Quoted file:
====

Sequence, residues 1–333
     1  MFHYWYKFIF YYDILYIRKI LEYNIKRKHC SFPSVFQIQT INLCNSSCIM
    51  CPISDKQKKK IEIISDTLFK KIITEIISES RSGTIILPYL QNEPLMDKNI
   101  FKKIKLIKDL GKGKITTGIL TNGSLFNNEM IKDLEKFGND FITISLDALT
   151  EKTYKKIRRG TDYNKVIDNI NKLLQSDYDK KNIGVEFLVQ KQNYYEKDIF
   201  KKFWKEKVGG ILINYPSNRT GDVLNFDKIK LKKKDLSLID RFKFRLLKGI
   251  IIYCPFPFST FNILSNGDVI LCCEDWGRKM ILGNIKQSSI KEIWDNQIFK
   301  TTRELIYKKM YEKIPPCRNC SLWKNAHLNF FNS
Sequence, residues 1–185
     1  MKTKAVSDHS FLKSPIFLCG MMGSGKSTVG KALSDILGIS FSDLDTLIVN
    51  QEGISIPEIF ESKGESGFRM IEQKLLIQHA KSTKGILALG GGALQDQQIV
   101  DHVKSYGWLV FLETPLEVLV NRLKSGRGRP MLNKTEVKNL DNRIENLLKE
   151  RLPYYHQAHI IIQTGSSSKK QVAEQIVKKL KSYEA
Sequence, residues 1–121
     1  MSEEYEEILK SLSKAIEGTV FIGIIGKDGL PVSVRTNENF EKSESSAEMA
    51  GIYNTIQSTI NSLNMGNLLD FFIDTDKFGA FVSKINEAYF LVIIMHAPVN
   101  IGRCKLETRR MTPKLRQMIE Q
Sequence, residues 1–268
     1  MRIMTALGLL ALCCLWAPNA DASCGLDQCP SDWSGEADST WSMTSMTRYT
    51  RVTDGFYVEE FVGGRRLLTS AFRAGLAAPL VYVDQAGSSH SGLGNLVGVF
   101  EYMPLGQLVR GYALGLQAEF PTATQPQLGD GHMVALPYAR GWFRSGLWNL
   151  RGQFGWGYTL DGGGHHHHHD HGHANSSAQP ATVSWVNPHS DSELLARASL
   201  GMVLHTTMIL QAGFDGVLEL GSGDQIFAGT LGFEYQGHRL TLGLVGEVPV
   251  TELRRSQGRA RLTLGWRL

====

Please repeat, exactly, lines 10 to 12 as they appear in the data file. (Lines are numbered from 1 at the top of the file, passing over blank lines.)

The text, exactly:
     1  MKTKAVSDHS FLKSPIFLCG MMGSGKSTVG KALSDILGIS FSDLDTLIVN
    51  QEGISIPEIF ESKGESGFRM IEQKLLIQHA KSTKGILALG GGALQDQQIV
   101  DHVKSYGWLV FLETPLEVLV NRLKSGRGRP MLNKTEVKNL DNRIENLLKE